Learn How to Refinance a Home Equity Loan
Earlier this year, home equity hit 58 percent of home values, making this the highest year for home equity in the past decade. However, surprisingly, many people are avoiding refinancing their home equity loans. If you don’t know how to refinance a home equity loan, or even what it means to refinance a home equity loan, that might be holding you back.
However, refinancing a loan can be a great way to put yourself in a more stable financial position in the future.
We’ve put together this essential guide to help you understand how to refinance a home equity loan, with all the knowledge you’ll need to get started. Read on to learn more!
What Is a Home Equity Loan?
A home equity loan is when you borrow money based on the value of your home.
When you need to borrow a lot of money, such as when making an investment in your career or education, this can be a great way to do it.
Homes have a lot of value stored within them, and since you already own the home you’re borrowing against, this is often an easy type of loan to qualify for.
Home equity loans are sometimes known as “second mortgages“. The money that you borrow to buy the house in the first place is the first mortgage. However, you can then take out another loan on your house, as long as you have enough equity.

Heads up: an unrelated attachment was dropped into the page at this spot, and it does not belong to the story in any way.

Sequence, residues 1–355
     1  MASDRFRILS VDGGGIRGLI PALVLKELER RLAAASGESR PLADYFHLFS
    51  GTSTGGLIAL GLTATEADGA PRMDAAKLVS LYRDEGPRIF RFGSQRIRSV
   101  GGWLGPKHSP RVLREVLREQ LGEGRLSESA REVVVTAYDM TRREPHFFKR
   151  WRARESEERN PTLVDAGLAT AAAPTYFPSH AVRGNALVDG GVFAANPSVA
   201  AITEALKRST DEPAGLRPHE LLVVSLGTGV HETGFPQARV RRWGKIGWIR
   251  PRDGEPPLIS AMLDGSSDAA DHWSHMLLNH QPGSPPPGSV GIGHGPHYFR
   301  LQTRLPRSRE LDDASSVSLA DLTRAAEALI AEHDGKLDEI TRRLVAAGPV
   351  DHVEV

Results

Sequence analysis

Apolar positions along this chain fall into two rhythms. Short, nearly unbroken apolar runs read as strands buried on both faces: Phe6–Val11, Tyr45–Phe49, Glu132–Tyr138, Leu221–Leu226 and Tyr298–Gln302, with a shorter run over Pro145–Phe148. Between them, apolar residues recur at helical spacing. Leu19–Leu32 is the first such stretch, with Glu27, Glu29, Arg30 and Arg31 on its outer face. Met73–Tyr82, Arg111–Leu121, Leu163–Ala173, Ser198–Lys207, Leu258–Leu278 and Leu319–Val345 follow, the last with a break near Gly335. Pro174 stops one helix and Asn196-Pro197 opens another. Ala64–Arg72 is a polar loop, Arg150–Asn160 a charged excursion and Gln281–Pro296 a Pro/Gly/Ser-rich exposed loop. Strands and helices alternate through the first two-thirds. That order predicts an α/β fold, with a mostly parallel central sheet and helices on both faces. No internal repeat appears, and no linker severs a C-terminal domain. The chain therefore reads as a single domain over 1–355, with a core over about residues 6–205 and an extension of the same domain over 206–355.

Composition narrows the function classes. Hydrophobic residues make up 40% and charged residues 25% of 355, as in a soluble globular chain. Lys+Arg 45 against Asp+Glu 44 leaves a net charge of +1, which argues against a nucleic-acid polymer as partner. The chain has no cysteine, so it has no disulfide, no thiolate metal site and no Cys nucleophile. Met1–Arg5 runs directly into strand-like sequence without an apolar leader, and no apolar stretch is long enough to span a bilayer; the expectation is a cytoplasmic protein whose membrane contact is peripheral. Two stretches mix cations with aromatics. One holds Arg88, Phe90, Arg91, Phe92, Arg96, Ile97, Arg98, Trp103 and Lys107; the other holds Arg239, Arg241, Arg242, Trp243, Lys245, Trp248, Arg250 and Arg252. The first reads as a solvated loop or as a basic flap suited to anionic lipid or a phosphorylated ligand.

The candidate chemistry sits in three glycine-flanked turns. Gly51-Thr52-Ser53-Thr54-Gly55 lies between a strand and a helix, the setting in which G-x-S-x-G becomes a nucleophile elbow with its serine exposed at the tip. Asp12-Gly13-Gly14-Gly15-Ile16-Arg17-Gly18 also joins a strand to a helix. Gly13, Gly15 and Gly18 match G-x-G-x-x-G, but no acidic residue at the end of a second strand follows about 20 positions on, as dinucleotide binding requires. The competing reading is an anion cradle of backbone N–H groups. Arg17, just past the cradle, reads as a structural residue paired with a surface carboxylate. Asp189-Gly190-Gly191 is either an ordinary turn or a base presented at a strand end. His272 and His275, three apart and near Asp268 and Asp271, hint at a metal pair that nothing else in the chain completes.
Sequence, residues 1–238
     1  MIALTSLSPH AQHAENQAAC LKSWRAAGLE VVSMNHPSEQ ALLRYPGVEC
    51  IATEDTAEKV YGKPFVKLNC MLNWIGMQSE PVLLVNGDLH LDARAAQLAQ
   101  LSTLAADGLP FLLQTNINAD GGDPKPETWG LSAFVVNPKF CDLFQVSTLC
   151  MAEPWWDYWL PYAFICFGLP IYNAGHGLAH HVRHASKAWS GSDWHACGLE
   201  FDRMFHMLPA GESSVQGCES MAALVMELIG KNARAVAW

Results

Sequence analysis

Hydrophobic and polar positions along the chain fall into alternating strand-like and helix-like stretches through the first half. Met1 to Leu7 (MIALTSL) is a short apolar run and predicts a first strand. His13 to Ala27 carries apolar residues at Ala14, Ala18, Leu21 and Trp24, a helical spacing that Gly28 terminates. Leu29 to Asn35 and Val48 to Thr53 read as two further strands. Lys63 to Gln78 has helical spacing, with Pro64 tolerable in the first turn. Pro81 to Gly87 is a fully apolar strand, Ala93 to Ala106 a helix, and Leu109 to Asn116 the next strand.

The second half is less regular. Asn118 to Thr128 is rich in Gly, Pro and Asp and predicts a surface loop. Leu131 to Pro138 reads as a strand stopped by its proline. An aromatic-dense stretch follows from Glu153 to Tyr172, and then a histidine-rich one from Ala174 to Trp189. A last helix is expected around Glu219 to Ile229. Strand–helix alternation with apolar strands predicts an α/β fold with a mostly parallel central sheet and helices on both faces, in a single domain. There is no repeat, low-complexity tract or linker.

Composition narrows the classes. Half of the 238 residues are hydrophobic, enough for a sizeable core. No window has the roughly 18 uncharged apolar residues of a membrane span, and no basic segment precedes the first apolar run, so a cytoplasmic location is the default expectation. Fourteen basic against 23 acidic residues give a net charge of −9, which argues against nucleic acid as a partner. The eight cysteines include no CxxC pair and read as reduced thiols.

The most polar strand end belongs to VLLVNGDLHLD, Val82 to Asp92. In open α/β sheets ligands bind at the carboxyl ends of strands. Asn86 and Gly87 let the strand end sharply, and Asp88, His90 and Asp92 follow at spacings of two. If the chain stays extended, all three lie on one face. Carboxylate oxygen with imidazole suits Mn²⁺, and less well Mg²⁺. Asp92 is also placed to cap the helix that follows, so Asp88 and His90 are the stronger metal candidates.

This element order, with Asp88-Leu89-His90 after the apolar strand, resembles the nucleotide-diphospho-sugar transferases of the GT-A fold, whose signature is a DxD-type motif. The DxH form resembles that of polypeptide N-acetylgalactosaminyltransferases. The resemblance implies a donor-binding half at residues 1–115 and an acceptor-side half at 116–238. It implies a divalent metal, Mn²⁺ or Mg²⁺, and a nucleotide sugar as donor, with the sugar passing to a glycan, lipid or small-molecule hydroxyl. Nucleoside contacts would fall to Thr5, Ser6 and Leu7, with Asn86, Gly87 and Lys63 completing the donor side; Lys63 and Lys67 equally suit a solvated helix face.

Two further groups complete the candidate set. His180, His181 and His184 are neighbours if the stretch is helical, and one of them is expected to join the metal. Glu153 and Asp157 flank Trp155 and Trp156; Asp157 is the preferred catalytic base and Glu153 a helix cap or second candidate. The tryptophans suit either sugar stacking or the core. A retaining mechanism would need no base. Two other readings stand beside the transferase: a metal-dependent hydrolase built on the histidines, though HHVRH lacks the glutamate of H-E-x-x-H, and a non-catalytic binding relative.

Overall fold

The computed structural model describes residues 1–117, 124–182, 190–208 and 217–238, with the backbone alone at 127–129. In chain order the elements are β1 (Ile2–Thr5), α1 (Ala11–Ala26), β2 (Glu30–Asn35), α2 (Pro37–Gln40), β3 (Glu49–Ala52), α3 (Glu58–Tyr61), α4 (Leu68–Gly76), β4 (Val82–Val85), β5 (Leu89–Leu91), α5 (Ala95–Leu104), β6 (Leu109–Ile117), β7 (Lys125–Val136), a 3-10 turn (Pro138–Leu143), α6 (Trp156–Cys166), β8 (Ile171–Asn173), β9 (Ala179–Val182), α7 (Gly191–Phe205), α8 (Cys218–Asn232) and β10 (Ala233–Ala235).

What is Equity?
Before we jump into learning about how to refinance a home equity loan it’s best to start with some basic terminology. If you are just starting down the road to buying a home, many of these terms will be new to you.
Equity is the difference between your home’s value and the amount of money you still owe on it.
Wondering how much equity you have? Just take the current market value of your home, and subtract the balance of any loans you haven’t paid yet.
Another way to look at it is that equity is the amount of money that you’ve paid toward your home so far. If you’ve owned your home and made payments on it for many years, you’ll have more equity than someone who just bought their home.
Your equity goes up as you make payments. However, it can also go up if your home increases in value.
Why Get a Home Equity Loan?
There are many benefits to taking out this type of loan.